When NOT to Pitch Your Vendor As a Source to a Reporter
Updated: Mar 1
Spoiler alert: “When the reporter specifically asks you not to!
Why is this news? Because, despite making it clear when and why I need customers, not vendors, far too many PR pros insist on pitching vendors, consultants or other “thought leaders.”
Why should you, as a PR or marketing professional, care? After all, if even one out of ten reporters accepts your vendor as a source, isn’t the effort worthwhile? I’d argue no, because you’re showing the reporter you don’t know or don’t care about their needs, and thus trashing your credibility for future pitches.
This is a perennial issue, but jumped out in dramatic fashion since I began using Qwoted, an online clearinghouse where reporters can find sources for their stories, and PR pro can find edit opportunities for their clients. Despite what is (for me) a somewhat kludgy interface, it’s actually a useful way to broaden my net for sources for stories.
However, when I posted a request on Qwoted for senior IT or security executives – customers, in other words, for a recent story, 810 out of 19 pitches I received offered up vendors, consultants or others who have something to sell the readership for my story (those selfsame IT or security executives. This is although my request specifically said “Please note I CANNOT quote vendors, consultants or anyone looking to promote a product or service, even indirectly."
Even more maddening, many of the pitches said something to the effect of “I know you said you can’t quote vendors, but MY consultant/entrepreneur/product manager has been in the industry for over 20 years, is the author of five security textbooks and is a recognized industry leader.”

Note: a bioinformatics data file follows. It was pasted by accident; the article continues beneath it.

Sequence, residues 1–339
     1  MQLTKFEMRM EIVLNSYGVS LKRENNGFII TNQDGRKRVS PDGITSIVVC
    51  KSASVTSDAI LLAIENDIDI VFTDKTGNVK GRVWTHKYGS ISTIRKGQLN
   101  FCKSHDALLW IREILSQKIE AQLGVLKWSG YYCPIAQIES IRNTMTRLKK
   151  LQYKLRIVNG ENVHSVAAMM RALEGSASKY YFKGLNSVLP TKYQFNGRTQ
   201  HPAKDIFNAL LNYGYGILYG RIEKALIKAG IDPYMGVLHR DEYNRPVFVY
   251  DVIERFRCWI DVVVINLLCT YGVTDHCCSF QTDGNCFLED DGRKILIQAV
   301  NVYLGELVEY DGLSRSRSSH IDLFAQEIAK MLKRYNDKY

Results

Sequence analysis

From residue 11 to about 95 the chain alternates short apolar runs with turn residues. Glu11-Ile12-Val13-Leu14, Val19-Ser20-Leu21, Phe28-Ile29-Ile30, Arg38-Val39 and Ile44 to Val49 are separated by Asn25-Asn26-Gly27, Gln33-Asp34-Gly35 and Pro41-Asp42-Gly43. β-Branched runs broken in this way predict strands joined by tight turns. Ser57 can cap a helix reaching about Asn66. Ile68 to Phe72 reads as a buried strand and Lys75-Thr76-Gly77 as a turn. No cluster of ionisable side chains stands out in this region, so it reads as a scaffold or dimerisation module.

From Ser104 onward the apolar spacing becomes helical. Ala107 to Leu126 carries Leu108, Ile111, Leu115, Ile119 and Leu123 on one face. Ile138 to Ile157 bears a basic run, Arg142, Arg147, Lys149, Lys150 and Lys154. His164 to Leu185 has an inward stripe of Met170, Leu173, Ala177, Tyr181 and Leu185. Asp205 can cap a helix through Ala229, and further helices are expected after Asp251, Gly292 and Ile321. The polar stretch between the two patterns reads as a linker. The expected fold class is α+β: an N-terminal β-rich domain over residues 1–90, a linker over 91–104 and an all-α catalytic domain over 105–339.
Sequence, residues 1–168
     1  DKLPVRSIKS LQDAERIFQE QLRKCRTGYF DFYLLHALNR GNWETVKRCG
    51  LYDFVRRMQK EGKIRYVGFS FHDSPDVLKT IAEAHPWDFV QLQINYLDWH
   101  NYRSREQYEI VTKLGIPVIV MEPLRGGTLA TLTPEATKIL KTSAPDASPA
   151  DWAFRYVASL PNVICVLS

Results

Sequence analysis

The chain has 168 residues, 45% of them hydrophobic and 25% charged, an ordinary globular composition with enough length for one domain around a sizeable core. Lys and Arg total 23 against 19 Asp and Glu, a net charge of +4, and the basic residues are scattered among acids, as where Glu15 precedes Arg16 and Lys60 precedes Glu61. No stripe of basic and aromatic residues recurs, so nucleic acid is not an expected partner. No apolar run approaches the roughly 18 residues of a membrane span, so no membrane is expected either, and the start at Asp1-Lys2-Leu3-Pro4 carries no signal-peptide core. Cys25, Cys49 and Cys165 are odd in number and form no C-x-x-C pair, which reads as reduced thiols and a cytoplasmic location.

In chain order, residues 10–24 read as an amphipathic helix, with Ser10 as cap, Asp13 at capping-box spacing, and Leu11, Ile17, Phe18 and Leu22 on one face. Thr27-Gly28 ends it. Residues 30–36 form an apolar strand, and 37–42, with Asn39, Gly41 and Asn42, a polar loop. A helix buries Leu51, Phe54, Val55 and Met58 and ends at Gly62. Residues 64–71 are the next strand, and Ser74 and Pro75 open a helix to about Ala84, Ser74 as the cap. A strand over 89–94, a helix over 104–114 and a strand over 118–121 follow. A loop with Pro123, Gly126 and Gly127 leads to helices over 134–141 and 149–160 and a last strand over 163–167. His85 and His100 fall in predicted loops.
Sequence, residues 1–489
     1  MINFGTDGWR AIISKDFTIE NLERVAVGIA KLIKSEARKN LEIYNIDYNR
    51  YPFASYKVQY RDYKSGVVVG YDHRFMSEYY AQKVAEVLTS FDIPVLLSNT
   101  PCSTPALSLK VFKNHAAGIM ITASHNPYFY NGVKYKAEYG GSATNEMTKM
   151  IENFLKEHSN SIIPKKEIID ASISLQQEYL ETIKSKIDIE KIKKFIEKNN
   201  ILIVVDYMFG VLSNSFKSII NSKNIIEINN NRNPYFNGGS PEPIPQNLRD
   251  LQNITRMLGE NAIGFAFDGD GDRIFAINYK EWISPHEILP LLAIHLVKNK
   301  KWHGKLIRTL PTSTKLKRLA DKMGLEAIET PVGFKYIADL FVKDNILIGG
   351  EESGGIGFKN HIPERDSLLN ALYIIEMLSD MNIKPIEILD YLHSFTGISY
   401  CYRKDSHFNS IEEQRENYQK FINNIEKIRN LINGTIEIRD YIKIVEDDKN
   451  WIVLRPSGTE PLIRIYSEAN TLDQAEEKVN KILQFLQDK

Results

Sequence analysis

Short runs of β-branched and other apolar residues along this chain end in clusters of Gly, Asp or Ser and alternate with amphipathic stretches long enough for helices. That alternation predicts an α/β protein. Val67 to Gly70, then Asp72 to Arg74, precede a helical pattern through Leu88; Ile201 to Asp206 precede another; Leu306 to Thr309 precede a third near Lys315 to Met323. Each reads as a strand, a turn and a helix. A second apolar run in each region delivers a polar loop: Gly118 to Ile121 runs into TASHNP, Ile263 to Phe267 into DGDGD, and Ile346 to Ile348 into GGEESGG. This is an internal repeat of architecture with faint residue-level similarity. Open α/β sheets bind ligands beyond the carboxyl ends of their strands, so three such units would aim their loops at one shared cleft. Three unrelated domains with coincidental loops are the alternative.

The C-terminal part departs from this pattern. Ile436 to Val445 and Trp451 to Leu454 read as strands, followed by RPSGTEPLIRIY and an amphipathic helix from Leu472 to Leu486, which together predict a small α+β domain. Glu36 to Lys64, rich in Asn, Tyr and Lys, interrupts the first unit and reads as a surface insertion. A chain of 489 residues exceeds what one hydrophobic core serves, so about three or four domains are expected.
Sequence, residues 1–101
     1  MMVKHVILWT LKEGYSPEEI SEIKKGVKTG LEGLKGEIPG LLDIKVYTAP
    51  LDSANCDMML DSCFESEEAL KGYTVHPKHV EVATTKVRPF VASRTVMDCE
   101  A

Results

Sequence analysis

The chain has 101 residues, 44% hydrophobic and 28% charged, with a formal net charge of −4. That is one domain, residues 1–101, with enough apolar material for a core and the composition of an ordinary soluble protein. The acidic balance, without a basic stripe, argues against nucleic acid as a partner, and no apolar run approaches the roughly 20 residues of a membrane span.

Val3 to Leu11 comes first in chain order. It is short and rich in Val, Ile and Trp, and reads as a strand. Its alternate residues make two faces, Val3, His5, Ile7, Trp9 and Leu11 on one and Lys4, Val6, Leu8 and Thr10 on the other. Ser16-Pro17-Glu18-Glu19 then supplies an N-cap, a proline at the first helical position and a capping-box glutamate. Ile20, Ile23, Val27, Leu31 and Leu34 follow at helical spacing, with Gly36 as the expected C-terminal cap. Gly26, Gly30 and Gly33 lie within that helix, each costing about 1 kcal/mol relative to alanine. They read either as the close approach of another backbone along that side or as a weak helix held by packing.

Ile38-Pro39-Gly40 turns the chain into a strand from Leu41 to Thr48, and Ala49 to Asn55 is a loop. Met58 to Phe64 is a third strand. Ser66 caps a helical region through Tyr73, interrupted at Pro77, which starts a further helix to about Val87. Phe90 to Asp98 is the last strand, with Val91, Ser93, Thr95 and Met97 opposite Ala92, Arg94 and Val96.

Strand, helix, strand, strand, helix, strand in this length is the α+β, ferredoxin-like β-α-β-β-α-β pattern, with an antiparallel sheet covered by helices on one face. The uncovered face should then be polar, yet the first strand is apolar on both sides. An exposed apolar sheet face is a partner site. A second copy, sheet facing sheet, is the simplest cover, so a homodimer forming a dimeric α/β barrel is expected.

All Very Nice, But It Doesn’t Matter
However experienced, insightful and eloquent the vendor is, their place in the industry disqualifies them.
My story was for a publication that speaks to and for CIOs and other technology executives. Customers, in other words. It was about how these customers make the tough choices about where to spend scarce dollars for their employers. My questions were all about the internal budgeting, prioritization and approval process when businesses are hunkering down for a possible recession.
The job of a consultant or vendor is to develop and sell products and services that meet these needs. By virtue of what a vendor is, then, they do not have the up to date, real-world experience in the trenches that I need to describe for my story.
You can argue a vendor has a wider perspective on industry trends by virtue of talking to many customers about their spending plans. But that’s not the same as owning responsibility for a security budget, and there’s always the danger a vendor is cooking their responses (even unconsciously) to tour their own offerings. For a reporter, it also opens a can of worms in deciding which vendors to quote out of the thousands serving the security space, and defending their choice of vendors after the fact.
Finally, if the reporter submits a story based on quotes from vendors, not customers, the editor will bounce it back to them for more interviews and a rewrite, and be less likely to hand them other assignments.
So What’s a PR Pro To Do?
Ask your vendor clients for customers who can speak to the issues I’m covering in my story, and I’ll give the client a courtesy mention. (“CIO Jill Adams of Gluttonous Enterprises, who uses the Silver Bullet Magic AI proxy server, says her board of directors has become much more involved in security budgets…”)
Yes, finding customers is a huge hassle and you never know whether, or if, their story will reflect well on you. But your client will at least be reflected in whatever glory the customer gets from being quoted online – and get that precious mention on line.